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RokuRemoteHorz.jpeg

The Size of Remote Controls These Days: A Measured Response

By Alberto Cox Délano | Miscellaneous | December 28, 2022 |

By Alberto Cox Délano | Miscellaneous | December 28, 2022 |


RokuRemoteHorz.jpeg

I lost the remote for the Roku yesterday. I spent a good portion of the afternoon trying to find it. It’s a whole goddamn day later and I’m still unable to find the thing, because goddammit why are all domestic appliance manufacturers in a competition to see who can make the smallest, lightest, and most impossible-to-find remote control? What. The hell. Were. They. Thinking?

This is a consumer review.

Do you know everything I did in order to find that godforsaken remote? Do you know the amount of mental distress that can be brought on by not being able to find a very, very, very small piece of black plastic in a space no larger than 10 square meters? A room that was actually quite tidy at the time I lost the thing, but it still forced me to tidy down and tidy up the bed, shake up every pillow, move books and shelves to and fro until I lost track of where things were originally, checking every nook and cranny, every single gap in the sofa even though I was sure that I had not brought the Roku remote to the sofa, but I still had to check.

I had to check the kitchen, I had to check in the bathroom, I had to check in the laundry basket, I had to check in the garbage bin even though I’m OCD and it had day-old stuff and it’s the middle of the summer! I kept pinching my sweatpants pockets. I kept looking over the obvious places, the places where you always find the things you need the most, and no, I’m not talking in metaphors, I’m talking about tangible objects that you actually need, that you can’t find anywhere until you realize they were in your breast pocket or something.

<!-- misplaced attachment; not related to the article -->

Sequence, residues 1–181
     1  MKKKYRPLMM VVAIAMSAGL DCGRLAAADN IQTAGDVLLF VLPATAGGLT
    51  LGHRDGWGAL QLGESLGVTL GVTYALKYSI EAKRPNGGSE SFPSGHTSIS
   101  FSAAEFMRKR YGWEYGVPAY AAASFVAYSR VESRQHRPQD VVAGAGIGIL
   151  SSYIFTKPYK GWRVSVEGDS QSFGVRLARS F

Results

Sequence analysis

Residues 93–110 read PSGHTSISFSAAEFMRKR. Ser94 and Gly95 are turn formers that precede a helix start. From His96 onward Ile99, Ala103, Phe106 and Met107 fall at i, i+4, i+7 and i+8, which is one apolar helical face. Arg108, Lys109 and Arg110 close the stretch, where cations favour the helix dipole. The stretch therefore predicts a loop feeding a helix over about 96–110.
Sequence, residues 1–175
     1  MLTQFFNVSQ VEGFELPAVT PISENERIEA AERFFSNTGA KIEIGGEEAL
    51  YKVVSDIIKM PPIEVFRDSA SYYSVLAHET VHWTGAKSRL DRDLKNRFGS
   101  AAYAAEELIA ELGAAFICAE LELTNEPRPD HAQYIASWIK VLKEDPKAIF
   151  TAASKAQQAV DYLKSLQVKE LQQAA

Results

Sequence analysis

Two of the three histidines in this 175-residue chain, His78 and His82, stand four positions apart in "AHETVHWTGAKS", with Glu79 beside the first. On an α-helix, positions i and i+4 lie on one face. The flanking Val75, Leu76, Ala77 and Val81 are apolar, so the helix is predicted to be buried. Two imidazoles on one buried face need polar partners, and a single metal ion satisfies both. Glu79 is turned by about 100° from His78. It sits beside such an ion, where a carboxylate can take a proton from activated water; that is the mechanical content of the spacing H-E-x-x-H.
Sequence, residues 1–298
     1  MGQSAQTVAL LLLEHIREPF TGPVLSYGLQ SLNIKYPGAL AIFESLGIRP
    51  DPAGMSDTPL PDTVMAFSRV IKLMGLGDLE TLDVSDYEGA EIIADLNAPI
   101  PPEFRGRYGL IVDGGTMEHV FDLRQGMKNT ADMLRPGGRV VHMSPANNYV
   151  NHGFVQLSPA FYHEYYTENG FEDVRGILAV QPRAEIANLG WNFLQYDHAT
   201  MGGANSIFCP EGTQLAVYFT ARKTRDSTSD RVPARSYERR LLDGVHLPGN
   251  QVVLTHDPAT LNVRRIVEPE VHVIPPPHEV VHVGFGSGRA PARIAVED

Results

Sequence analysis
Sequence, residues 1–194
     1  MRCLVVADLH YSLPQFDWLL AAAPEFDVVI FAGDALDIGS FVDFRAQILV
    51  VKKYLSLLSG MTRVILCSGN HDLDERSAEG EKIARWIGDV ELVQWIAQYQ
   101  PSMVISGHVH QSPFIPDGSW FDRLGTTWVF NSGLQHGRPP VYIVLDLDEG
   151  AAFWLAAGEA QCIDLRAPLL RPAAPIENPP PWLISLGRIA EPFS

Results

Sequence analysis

I don’t have children. I don’t have pets (sadly) that could eat the remote. There are also no raccoons or crows in this country (sadly) that could’ve absconded with the remote at the moment I was looking away and because I keep the windows open during the summer. Also, there’s no way a crow would’ve been interested in stealing the Roku remote or any remote because these tech companies, in their infinite wisdom as dictated by the least coked-up manager of the product design department, chose to manufacture the remote as a tiny black thing that isn’t shiny and has but a few stripes of purple that don’t do the job of standing out. Did I mention how small the remote is? Because it barely exceeds the length of my middle finger! There is no conceivable explanation for why I can’t find this remote. It’s an unknown known. I am going crazy here because I tried tracing back every step I took before I lost this insipid remote and all it told me is that I live a very boring life. Is this what gaslighting feels like?

I can’t explain how the thing went missing, I can point to who bears responsibility for making it so prone to disappearing. It’s not just Roku. Every single company that manufactures these streaming devices is deliberately trying to build the remote that is easiest to misplace. Just look at this thing, look at this thing, look at this thing. What made you think that because you could make the digital media players smaller than the HDMI cable you need to connect them to the TV you should also make the remote control as small as the device itself, the single most important thing to make it a functional product (since, of course, they are supposed to be “too streamlined to have buttons”)?

I blame you, Steve Jobs. Not all things are supposed to be minimalistic. Remember remote controls in the 90s? They were so thick and heavy with AA-batteries that you could use them as a blunt-force instrument against the TV if your favorite team was losing. You know what they were also? Grey, with colorful rubber keys in big-ass letters. Could you lose them anyway? Sure, but only for a few seconds. It was just a matter of removing a blanket here or dropping a pillow there and the thing would drop onto the floor and such a racket that it would scare the dog into hiding behind the fridge. Better still, make them like the ones Zenith manufactured in the late 50s and 60s that were plugged into the TV. Who cares about user experience when there’s no worse experience than spending two hours looking for a remote that won’t appear?

Why can’t we make remote controls thick and heavy again? Why can’t big tech realize that some things need to be tactile, need to have weighted mass like those totems from Inception, because remotes are literally the only thing over which we have control in our stressful, overstimulated, doomscrolling, climate anxious, late capitalistic lives?

(Hat Tip for the Title: hhomberguy)

UPDATE: I FOUND IT. On the pocket of my apron. I should also receive the replacement sometime this afternoon.